I know it is typical and customary to graft multiple stone fruit species to one rootstock as there are many which are compatible. This point was driven home by the recent Guinness World Record
I have been thinking about apples and all of their distant relatives that have been discussed on the forum and thinking you might be able to do more with them than stone fruits, species wise.
Starting off with apples and using interstems, you could do aronia, hawthorn, pear, shapova, from there possibly roses as they are related, and likely many more I can’t think of from the top of my head. Plus multiple apples (American natives vs red fleshed etc) are considered different species so you could have 30 or more on the same tree just doing that. Sure many of them taste terrible, but they are technically fruits and technically edible. I think the challenge would be picking enough bearing fruit at the same time to break the new record.
Additionally, apples should live long enough to keep adding vs the potential short lifespan of stone fruits.
I feel like it would be better to start with pear as a base, as there are more things that will graft directly to that:
Rowan (Euro. mountain ash)
Winter Banana apple
That’s 10 without interstems just off the top of my head, and doesn’t count the many varieties of hawthorn separately, or include the pears or Mt Ashes that aren’t really important as fruit. As you suggested for apples, you can really get going once you add interstems.
I actually have been planning to do this with a quince rootstock that I planted recently. I will for sure graft to it: euro pear, asian pear, medlar, apple, crabapple, juneberry. Possibly others. Just doing it for fun and to see how well it will work.
Europe pear, Asian pear, shipova, works on pear base. Does quince grow on pear or other way around? Hawthorn on pear did not survive more than 2 years. Have not try the rest on your list yet. Interested in trying though
I don’t know from personal experience, but I’ve seen quince for sale on pear rootstock and vice versa. As for hawthorn, I know it’s been used successfully for pear, but it’s possible that it won’t work the other way around. And it’s not a top choice, at least for North America. It also may depend on the particular pear and hawthorn.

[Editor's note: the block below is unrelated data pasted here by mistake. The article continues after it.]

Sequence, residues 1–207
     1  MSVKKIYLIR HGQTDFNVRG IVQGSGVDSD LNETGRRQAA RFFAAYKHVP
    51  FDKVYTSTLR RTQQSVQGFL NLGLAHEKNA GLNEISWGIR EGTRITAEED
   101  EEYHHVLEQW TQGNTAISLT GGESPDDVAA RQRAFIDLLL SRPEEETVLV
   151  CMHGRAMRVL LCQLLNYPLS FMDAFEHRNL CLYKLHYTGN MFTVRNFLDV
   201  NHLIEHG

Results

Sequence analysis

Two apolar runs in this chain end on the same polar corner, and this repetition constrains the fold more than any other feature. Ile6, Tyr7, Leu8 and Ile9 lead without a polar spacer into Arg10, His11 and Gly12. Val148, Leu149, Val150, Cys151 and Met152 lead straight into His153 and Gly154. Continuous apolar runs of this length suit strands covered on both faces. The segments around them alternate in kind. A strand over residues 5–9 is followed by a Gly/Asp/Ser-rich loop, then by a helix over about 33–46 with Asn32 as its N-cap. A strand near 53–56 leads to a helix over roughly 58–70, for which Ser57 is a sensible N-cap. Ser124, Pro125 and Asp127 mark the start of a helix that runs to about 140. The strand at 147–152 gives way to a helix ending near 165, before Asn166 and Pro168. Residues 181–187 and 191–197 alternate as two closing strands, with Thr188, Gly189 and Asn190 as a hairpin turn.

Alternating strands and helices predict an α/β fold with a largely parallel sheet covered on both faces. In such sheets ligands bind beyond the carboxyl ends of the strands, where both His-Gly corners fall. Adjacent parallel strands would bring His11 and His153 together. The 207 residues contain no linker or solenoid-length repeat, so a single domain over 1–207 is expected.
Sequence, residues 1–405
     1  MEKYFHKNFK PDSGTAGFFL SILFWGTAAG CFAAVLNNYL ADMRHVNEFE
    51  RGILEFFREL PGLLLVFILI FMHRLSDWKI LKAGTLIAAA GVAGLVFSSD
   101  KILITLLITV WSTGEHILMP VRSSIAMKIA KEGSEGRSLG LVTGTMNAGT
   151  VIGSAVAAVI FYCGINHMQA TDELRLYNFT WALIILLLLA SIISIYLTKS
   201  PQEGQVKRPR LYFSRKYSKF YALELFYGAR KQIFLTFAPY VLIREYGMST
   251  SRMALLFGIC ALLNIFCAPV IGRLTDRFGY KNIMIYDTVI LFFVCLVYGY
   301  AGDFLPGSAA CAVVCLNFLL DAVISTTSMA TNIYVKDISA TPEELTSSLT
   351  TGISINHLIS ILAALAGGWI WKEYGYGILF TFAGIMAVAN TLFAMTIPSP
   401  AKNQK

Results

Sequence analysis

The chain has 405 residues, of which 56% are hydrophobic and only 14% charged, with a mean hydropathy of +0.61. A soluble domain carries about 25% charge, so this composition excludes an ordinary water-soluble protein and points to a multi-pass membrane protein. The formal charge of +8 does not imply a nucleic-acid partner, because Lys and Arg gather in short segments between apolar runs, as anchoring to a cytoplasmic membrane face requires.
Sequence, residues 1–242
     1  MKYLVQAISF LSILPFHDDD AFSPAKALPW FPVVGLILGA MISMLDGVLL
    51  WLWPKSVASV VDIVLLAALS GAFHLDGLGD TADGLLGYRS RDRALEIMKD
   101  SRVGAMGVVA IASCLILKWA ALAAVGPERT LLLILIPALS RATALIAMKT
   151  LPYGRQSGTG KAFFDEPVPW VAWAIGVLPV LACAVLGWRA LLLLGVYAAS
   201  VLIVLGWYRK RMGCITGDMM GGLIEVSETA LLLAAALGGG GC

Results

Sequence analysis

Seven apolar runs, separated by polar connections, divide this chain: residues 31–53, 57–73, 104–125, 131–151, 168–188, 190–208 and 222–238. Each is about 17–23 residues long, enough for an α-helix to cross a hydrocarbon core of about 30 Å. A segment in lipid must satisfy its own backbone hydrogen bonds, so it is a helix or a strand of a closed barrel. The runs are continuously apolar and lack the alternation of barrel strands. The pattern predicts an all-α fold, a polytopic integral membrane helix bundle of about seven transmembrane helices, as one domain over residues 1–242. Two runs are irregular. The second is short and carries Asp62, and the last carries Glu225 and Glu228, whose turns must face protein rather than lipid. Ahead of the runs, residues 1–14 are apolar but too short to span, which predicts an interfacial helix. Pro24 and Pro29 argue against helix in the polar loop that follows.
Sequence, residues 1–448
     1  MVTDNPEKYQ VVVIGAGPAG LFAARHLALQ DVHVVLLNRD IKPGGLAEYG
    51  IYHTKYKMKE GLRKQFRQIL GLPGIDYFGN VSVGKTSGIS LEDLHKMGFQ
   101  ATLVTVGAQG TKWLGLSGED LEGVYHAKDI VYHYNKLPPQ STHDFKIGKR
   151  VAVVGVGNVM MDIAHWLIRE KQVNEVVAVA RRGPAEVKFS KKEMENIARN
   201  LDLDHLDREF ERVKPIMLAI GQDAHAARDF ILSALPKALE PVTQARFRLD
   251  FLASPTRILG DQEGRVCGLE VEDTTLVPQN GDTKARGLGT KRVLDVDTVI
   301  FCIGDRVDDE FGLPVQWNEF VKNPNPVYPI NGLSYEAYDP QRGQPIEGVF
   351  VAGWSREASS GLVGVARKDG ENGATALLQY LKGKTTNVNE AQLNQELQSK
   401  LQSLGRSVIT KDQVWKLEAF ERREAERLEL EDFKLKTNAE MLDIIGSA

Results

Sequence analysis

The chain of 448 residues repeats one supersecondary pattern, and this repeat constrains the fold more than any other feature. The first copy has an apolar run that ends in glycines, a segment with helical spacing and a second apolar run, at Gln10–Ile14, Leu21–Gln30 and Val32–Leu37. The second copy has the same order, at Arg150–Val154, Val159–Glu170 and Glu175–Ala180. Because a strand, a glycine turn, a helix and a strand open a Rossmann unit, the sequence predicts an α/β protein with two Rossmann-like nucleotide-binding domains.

I have 2 different quince cultivar grafted on pear, they still alive after 2 years, gonna be 3 years coming spring if they are still alive. But they didn’t grow, an inch in two years . Feel they won’t make it anytime soon. If youknow the pear rootstock name please share. I love to find a tree that can grow different fruits that I just want occasional like quince , hawthorn etc
Why would the red apples not be counted as a apple? I read there are some good tasting red apples. Namely rose mountain apple and the redlove series. Never tried them myself but people describe them as a lemonade or fruit punch tasting which I would not say is bad. As for apples there are over 7000 varieties so there is going to be a lot of duds.
Certain cultivars of pear graft well to quince, others don’t. Comice is best known for grafting well on quince. clarkinks made a great post on this topic here: What pears are quince compatible?
I don’t think apple and quince are very compatible from what I can find. I’m assuming using interstems would work to graft apple to quince though, quince rootstock->pear interstem->winter banana interstem->apple of your choosing
Fertility pear might be a good interstem to mate to the Winter Banana. I’ve fruited fertility on an apple tree before the grafted portion eventually died. I’ve also fruited Winter Banana apple on a European pear tree.
It’s unique in that it is an apple variety that’s known to be compatible with pears. As to why that is, I would assume it has to do with genetics. Same reason Comice is compatible with quince whereas Bartlett isn’t, different genetic compatibilities. Beyond that I don’t know but would be interested to learn more.